In accordance with the invention, the discs 26 are provided with depth bands 70 extending outwardly from the concavely shaped sides of the discs 26. The bands 70 may be rigidly mounted to the discs by suitable bolts and are mounted concentrically with the discs 26 as to have their central axes of rotation coincident with the axes of rotation of the discs 26. The bands 70 define generally horizontally disposed cylindrically surfaces 72. The bands 70 are also smaller in diameter than the diameters of the discs 26. Thus, marginal portions 74 of the discs are free to penetrate the soil while the surfaces 72 of the bands 70 ride over the ground surface, thereby limiting the depth of penetration of the discs 26 to essentially a depth equal to the difference between the radii of the disc 26 and band 70, respectively. Preferably, the disc 26 mounting assembly includes adjustable scraper blades 76 supported by blade holders 78 which are secured to the disc arms 60 by the set screws 62 and suitable jam nuts 80. The blades 76 may thereby be adjusted to simultaneously dislodge accumulated soil from both the surfaces 72 of the depth bands 70 and the marginal portions 74 of the discs 26.
Turning now to FIG. 5, a depth band 70 in accordance with the present invention is illustrated in cross-section and is preferably an integrally formed member stamped from suitable sheet metal. In a most preferred form, the bands 70 have a central annular flange portion 82 dimensioned and configured to conveniently bolt to a standard disc 26 hub. A conical portion 84 connects to a rim portion 86 which in turn connects to surface portion 72. The conical portion 84 serves to minimize accumulation of soil within the interior of the band 70.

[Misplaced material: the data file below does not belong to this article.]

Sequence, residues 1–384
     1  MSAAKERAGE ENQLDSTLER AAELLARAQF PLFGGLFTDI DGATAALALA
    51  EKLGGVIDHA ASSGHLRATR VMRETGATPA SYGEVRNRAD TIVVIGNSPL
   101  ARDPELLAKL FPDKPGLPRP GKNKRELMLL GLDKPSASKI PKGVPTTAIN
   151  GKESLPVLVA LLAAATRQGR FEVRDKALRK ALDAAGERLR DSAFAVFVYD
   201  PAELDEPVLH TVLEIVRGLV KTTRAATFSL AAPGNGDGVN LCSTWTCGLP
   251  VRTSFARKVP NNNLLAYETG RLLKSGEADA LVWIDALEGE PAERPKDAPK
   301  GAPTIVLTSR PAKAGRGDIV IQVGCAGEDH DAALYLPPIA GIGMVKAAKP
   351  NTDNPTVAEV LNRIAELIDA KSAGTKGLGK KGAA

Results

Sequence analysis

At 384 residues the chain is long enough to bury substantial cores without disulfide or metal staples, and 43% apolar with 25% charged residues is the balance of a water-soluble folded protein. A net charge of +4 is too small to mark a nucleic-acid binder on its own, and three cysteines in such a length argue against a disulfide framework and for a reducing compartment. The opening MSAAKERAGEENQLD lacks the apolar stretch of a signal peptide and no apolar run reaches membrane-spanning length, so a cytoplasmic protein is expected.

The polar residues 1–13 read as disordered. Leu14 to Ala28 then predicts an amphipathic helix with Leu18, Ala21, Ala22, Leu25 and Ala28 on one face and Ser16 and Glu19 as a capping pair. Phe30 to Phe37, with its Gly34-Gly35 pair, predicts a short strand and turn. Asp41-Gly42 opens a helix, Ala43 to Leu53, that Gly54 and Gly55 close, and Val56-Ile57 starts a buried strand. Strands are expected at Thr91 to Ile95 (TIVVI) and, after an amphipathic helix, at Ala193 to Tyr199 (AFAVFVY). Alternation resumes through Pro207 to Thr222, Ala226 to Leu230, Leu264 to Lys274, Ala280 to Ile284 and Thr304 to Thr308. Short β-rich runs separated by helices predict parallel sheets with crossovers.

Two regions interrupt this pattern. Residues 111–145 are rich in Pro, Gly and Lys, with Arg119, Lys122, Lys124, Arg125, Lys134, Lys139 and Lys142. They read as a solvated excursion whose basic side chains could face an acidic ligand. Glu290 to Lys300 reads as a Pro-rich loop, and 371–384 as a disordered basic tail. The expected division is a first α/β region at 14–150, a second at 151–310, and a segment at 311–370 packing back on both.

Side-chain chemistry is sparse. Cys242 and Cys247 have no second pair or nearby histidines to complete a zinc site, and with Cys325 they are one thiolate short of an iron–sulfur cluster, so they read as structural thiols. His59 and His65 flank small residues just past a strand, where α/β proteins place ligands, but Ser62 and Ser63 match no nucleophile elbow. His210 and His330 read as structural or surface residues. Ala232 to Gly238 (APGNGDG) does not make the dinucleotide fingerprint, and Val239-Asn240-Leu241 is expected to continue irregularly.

It can now be appreciated that a cultivator assembly 10 of the present invention offers considerable advantages in the cultivation of row crops wherein soil conditions vary. For example, in loose soil conditions in which a disc would tend to penetrate the soil too deeply, the surface 72 of the depth band 70 will support the disc 26 at a controlled depth. Therefore, severing of plant leaves or root exposure is avoided as the cultivator 10 is pulled along the crop rows. Moreover, the bands 70 also serve to allow the discs 26 to "float" more freely over obstacles in the ground such as rocks or stumps. Therefore, a smoother operation of the assembly 10 is made possible. Preferably, a depth of disc 26 penetration of two inches is desirable for cultivating row crops of common varieties. Thus, for a standard disc 26 having a twelve-inch diameter, a band 54 diameter of eight inches has proven to be most desirable. With this depth of soil penetration in most soils, there is adequate frictional engagement between the disc 26 and soil to allow the disc 26 to freely rotate while still permitting removal of accumulated mud or dirt by the scraper blades 76. It is also preferred to provide a band 70 having a width projecting outwardly of the disc 26 of on the order of two inches, or so, as measured at A in FIG. 5. In this way, the surface 72 of the band 70 can sufficiently support the weight of the disc assembly on the ground surface over normal conditions of the typical soil.
While the present invention has been described in connection with a preferred embodiment thereof, it will be understood by those skilled in the art that many changes and modifications may be made without departing from the true spirit and scope of the invention. Accordingly, it is intended by the appended claims to cover all such changes and modifications as come within the true spirit and scope of the invention.